Anyone who has read any crime fiction set in ancient Greece or Rome, such as Lindsey Davis’ Marcus Didius Falco series and its companion Flavia Albia series, or Steven Saylor’s Roma Sub Rosa series, for example, will be familiar with the concept of serial killers operating in ancient settings, whether the plots are based on historical figures and events, or entirely fictitious. But is there any actual evidence for the presence of serial killers in ancient Greece and/or Rome?
Debbie Felton’s Monsters and monarchs: serial killers in classical myth and history seeks to answer that question in the affirmative, thereby not only providing the first cultural history of serial killing in antiquity for the benefit of classicists and ancient historians, but also adding a significant amount of depth and breadth to the persistent and enthusiastic discussion of contemporary serial killers and killing that occurs in various types of media and has seen a significant rise in popularity over the last few years.
Since the modern definition of a serial killer is somewhat imprecise and there is some debate over whether mass murderers, spree killers, and other malefactors should be included, the definition used by Felton is rather broad. Her analysis incorporates not just the individual who kills multiple people of a similar type in a similar way, but also the individual who kills multiple people in any manner of ways, i.e. a mass murderer, and even the individual who kills on the orders of others, i.e. an assassin or contract killer.
The book’s introduction and first three chapters all do a variation on the same thing, which is to argue that there is evidence in ancient mythology, folklore, and even historiography for the existence of individuals whose actions correspond to what we would today consider serial killers and/or mass murderers. Using some well-known and some lesser-known examples from recent history as a baseline, Felton compares and contrasts these with some examples from antiquity. In chapter 1, she identifies specific individuals from antiquity, both mythological and historical, that she considers to be worth investigating. In chapter 2, she covers what makes a serial killer, identifying the key characteristics that might be possible to spot in ancient accounts of violent behaviour. In chapter 3, she explores potential motives for serial killing, and she likewise considers whether it might be possible to find these in ancient accounts of violent behaviour. In chapters 4 and 5, she sets out the ancient legal frameworks that covered various types of homicide in first the Greek and then the Roman worlds, highlighting key differences in how these neighbouring civilisations conceptualised homicide and what this meant for dealing with serial killing. Whereas ancient Greece had a detailed set of procedures that could cover most if not all types of homicide, including serial killing, for the Romans what mattered was who the victim was, which potentially left serial killers free to operate as long as they selected their victims carefully. Chapter 6 examines accounts of serial poisoning, seemingly a particularly Roman phenomenon. In chapters 7 and 8, she returns to Greece and the mythological realm, and focuses on Heracles and Theseus and the many evildoers that the two heroes reportedly encountered on their travels. In chapter 9, she covers the use of sports such as wrestling matches as a means to murder. In chapter 10, she does something similar to chapters 7 and 8, and considers localised murderers such as the Theban Sphinx, with a particular emphasis on mutilation murder. Chapter 11 covers so-called crimes of passion, and chapter 12 covers accusations and witchcraft and child murders. Finally, chapter 13 concludes the study, and underlines its validity by offering a brief survey of potential examples of serial killers from neighbouring ancient civilisations.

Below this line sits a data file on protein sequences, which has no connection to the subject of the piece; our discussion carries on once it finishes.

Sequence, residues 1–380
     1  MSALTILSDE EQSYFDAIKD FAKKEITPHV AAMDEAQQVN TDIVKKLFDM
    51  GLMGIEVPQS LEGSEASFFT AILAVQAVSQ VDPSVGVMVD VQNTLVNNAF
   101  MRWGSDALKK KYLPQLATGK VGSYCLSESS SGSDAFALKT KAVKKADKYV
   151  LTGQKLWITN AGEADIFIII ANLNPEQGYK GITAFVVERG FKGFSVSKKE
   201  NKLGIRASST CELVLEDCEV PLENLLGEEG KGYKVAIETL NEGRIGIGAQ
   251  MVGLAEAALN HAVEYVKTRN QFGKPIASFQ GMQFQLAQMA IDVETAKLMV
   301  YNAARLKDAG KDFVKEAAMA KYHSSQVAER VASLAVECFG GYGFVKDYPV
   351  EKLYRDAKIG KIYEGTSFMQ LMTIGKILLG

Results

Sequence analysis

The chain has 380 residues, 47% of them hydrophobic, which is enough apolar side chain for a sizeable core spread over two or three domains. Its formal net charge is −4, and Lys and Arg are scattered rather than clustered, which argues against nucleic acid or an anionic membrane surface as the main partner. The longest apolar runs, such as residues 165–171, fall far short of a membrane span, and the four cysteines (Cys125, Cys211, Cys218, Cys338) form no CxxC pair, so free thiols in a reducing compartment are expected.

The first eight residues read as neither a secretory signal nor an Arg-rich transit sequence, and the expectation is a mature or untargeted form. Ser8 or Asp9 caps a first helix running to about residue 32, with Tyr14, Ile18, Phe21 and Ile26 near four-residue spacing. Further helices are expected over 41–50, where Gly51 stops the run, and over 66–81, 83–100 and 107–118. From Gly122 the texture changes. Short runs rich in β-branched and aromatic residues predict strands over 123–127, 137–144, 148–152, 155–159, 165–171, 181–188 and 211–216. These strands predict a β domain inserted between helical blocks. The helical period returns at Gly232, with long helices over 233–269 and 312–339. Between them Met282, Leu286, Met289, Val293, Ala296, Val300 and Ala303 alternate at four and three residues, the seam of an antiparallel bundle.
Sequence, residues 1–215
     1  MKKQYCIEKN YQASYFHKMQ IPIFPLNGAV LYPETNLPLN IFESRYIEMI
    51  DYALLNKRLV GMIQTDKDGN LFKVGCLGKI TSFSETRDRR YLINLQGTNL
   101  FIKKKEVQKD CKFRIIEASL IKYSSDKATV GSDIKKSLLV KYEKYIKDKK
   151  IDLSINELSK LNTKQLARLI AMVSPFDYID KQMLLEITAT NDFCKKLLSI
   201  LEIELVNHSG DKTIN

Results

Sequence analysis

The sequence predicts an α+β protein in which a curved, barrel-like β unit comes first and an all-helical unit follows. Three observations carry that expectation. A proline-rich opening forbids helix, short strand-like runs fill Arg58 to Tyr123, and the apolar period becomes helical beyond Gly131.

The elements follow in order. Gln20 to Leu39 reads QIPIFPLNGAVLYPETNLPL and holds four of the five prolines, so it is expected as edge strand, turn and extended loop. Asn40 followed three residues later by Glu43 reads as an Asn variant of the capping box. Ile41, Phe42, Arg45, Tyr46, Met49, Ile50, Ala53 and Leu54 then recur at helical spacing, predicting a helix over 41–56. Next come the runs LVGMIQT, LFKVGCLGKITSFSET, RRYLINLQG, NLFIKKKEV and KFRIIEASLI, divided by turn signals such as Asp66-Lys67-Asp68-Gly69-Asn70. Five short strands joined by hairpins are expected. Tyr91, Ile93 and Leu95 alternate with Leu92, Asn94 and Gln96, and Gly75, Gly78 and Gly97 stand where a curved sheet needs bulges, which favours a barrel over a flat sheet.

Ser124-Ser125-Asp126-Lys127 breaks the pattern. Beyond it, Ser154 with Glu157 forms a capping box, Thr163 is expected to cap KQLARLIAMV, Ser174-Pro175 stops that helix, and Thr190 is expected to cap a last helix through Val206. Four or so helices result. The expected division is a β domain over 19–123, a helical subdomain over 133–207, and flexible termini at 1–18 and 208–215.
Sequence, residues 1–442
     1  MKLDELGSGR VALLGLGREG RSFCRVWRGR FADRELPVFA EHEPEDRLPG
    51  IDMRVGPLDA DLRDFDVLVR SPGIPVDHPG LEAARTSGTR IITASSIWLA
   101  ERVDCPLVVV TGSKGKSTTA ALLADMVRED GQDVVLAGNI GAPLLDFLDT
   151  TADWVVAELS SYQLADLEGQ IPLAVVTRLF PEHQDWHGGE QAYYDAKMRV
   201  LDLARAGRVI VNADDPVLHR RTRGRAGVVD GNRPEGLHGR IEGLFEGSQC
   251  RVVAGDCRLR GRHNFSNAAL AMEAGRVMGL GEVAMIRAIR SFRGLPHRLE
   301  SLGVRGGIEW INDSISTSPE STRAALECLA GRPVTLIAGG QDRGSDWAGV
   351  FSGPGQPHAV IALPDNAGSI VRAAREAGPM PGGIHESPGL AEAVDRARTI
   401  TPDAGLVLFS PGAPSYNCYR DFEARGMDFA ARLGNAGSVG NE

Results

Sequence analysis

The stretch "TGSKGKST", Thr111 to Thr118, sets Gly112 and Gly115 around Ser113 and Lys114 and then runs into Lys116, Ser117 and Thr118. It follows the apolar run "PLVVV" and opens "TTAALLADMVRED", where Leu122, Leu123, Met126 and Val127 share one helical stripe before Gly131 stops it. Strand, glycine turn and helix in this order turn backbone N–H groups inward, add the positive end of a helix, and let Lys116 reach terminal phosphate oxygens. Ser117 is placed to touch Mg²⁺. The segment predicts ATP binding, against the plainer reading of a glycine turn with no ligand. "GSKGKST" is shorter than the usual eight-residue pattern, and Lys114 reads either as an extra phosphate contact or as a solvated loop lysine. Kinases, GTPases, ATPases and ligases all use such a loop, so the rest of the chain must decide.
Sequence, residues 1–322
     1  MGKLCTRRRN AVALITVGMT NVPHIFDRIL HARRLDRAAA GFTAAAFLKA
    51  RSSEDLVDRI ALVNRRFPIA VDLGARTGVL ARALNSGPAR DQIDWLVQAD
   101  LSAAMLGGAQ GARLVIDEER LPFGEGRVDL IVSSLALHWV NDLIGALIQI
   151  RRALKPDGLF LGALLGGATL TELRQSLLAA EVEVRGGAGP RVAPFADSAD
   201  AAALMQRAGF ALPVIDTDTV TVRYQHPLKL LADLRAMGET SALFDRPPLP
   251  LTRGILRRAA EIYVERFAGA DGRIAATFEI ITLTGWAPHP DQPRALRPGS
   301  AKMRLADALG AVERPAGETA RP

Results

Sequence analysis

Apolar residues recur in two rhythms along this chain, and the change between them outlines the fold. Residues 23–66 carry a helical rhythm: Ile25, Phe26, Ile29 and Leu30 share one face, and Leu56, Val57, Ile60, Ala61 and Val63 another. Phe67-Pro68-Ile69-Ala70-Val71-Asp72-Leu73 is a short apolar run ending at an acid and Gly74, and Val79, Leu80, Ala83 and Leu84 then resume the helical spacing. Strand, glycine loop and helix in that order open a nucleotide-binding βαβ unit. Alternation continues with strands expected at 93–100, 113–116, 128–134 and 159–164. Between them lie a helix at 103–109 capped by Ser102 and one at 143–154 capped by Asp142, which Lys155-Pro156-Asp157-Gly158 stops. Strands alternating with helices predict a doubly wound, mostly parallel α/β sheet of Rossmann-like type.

One of the key points of Felton’s overall argument is that the examples that she has highlighted are not necessarily always entirely factual (this is obviously particularly true with regard to the activities of early heroes such as Hercules and Theseus), but rather that certain aspects of them can be rationalised and are thus potentially factual. She notes that ancient authors such as Pausanias and Palaephatus were of the same mind, making the same points in their attempts to explain atrocities such as the Sphinx that terrorised Thebes until the intervention of Oedipus.
For all that Felton highlights the similarities between ancient and modern serial killing, she does take pains to differentiate between them and to interrogate the differences she identifies. For example, the vast majority of ancient serial killer victims mentioned in the textual evidence are men, whereas those of modern serial killers are women, and she explains that the differences between ancient and modern society account for these—women had much less freedom in ancient Greek society, and somewhat less in ancient Roman society, making them less vulnerable to this type of predator. However, what ancient and modern societies have in common are the frequency with which travellers come to grief on their journeys, with roads and temporary accommodation proving extremely dangerous locations. As far as the ancient accounts are concerned, this could be both literal, but also figurative, with people coming to grief the further they move away from civilisation.
Felton’s core argument is entirely convincing, although I feel that it could have been communicated more clearly and cleanly. There is an excessive amount of justification for her selection of the topic, and significant repetition of examples, both ancient and modern, throughout. Since she presents more than enough material to make her case effectively, this muddies the waters somewhat and detracts from her impressive achievement in making her case in a thought-provoking fashion.